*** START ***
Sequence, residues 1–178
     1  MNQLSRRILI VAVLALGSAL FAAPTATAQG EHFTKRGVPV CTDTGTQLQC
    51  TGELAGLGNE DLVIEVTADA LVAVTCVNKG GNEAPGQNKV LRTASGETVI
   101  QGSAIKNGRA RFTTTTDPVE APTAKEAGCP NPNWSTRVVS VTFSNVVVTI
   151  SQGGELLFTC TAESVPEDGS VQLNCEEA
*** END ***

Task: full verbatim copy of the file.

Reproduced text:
Sequence, residues 1–178
     1  MNQLSRRILI VAVLALGSAL FAAPTATAQG EHFTKRGVPV CTDTGTQLQC
    51  TGELAGLGNE DLVIEVTADA LVAVTCVNKG GNEAPGQNKV LRTASGETVI
   101  QGSAIKNGRA RFTTTTDPVE APTAKEAGCP NPNWSTRVVS VTFSNVVVTI
   151  SQGGELLFTC TAESVPEDGS VQLNCEEA